Troye Sivan on Coming out and Why He Doesn’t Want to Be a Gay Icon

  • TextAlexandra Pollard

Having just announced his new album, Bloom, the online-sensation-turned-pop-prince takes a break from his busy schedule to talk to Another Man

Troye Sivan would like to politely decline the role of gay icon. Sure, his vignettes of the uncontainable joy and pain of queer youth – expressed through springy beats, convulsive synths, and slippery, writhing dance moves – might be as exhilarating as they are important, but it’s a little more pressure than his 22-year-old shoulders can handle. Besides, he doesn’t think any single person should represent an entire community. “I’m one voice of so many that are missing,” he says quietly. “There are plenty of other people who need to be heard first.”

Sivan and I are sitting in the back room of a recording studio in Notting Hill. The Australian musician is settled on a sofa, his wiry frame swamped by a pristine grey coat, under which is a mesh, leather-necked patchwork top. Outside the door, a few dozen hand-picked fans are buzzing past, towards a room where they’ll hear a preview of his forthcoming album, Bloom, well before its release on 31st August. To these fans, Sivan has been an icon since before he broke into the world of pop music.

Scroll ten years deep into Sivan’s YouTube channel, and you’ll find low-res footage of a sprightly pre-teen, Kippah resting on his floppy hair, singing Jason Mraz’s I’m Yours. Skip a few years ahead, after Sivan landed the role of a young Wolverine in X-Men Origins, and you’ll see that same boy reintroducing himself as a blogger – with whimsical posts like ‘Australian Boy Does Accents’, and ‘Annoying Things People Do On Instagram’ – and the view count creep up into the millions.

Sivan held onto those fans when he launched his music career in 2013, signing a record deal while simultaneously revealing a truth about himself he’d avoided saying until now. “I’m Troye Sivan,” he began in a 2013 video entitled ‘Coming Out’, “and this is probably the most nervous I’ve been in my entire life.” He didn’t ask his new label’s permission to reveal that he was gay – and why should he? –  but he was relieved to get a message of congratulations from them a few days later.

These days, Sivan’s not so nervous. With his first album, Blue Neighbourhood, he sang of coming out and leaving home – with his second, he revels in what comes after that. The album’s lead single My My My! is playfully intimate, his performances of it flamboyant and flirty. “Spark up, buzz cut,” he sings, painting a picture with four words, “You got my tongue between your teeth.” Bloom, meanwhile, is – in Sivan’s own words – a “bop ‘bout bottoming.” In embodying “a carefree gay boy strutting around however he wants,” Sivan is providing the sort of example he wished he could have seen at 14, when he decided his sexuality was something he’d take to his grave.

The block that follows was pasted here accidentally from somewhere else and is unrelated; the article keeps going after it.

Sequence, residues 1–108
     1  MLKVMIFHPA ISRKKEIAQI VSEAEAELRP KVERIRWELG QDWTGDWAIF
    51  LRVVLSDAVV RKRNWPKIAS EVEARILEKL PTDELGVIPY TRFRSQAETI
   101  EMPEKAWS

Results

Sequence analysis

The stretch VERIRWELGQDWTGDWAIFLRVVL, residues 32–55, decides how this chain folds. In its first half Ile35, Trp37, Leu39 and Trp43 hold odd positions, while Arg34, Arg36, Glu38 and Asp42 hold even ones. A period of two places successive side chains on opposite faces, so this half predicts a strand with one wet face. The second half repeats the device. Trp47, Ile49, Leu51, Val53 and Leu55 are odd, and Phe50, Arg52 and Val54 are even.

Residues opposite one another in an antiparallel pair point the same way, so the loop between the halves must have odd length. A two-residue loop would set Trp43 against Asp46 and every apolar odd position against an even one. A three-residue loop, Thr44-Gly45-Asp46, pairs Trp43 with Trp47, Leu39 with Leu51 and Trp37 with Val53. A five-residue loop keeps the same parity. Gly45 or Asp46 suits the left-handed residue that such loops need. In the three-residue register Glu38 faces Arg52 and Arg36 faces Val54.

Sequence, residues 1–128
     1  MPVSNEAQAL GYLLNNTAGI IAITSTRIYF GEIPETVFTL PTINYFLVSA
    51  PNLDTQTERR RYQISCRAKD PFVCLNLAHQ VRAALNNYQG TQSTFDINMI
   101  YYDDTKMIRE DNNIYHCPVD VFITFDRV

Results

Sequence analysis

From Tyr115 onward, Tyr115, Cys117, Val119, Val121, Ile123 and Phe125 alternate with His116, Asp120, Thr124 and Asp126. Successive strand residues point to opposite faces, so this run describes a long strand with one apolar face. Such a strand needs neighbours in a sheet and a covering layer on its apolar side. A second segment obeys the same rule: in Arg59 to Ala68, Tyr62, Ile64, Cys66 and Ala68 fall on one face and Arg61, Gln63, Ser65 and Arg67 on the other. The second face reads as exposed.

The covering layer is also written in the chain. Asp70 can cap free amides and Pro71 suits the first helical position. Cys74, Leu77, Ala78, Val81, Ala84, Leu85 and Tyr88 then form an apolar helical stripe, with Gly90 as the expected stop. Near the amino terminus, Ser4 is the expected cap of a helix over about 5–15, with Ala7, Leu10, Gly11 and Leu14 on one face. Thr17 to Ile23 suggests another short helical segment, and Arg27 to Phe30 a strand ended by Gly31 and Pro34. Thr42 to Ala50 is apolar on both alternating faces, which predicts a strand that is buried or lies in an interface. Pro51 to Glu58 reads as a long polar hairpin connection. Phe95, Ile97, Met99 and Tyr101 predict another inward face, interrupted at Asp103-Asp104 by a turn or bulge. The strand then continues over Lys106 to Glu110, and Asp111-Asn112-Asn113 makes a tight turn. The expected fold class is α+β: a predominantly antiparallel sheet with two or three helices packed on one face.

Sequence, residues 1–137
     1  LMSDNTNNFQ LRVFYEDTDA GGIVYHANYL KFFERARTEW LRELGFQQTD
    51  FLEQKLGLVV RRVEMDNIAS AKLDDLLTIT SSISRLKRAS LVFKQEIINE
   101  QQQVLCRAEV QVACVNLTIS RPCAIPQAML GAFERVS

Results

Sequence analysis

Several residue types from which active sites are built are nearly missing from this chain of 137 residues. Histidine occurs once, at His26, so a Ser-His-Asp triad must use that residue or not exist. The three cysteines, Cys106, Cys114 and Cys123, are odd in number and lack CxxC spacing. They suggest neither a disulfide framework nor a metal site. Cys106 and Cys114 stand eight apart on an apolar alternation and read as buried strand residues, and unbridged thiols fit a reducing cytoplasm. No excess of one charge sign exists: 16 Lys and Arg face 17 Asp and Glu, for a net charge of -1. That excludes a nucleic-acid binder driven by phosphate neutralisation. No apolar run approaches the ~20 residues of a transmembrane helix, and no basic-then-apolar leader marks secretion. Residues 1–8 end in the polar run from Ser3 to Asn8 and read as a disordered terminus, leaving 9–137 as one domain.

AM: Your new single, My My My!, and your performance of it on SNL, felt like a real unapologetic celebration of same-sex eroticism. Was that important to you?

TS: Yeah I think so. I was conscious of not making the video explicitly erotic, whilst still communicating something that hasn’t really been communicated enough. I was thinking to myself, ‘What do I want to see that’s not being represented in the media? What is everyone – me included because I’ve been holding off from doing this for so long – so scared of? What is so scary about a young gay guy really just enjoying himself, and letting him move as feminine or as masculine as he wants, and strutting around?’ I did want to explore that carefree confidence, because I definitely didn’t see a lot of it growing up, where I felt like, ‘Oh wow that’s what it looks like to be gay and happy’.

AM: You’ve said you weren’t a huge fan of classic romance growing up. I wonder whether that’s because you didn't see yourself reflected in those stories?

TS: Maybe yeah. Because of the lack of representation, there’s such limited stories that have been told. There’s so much to cover – it’s a hugely complex, nuanced, massive group of people, and there’s so many stories to tell. [With my first album] it was coming of age and coming out and first love, and this time I’m in a different place, and I want to tell my story of where I’m at now. With people like Hayley Kiyoko and Brockhampton, we’re starting to get, finally, a diverse group of different LGBTQ perspectives. That’s why I politely don’t want to take on that ‘gay icon’ thing. I’m one voice of so many that are missing, and so I’m just trying to tell my story, and right now I’m having so much fun in my life, I feel confident, I’m just enjoying myself, and so that was really important to me to express.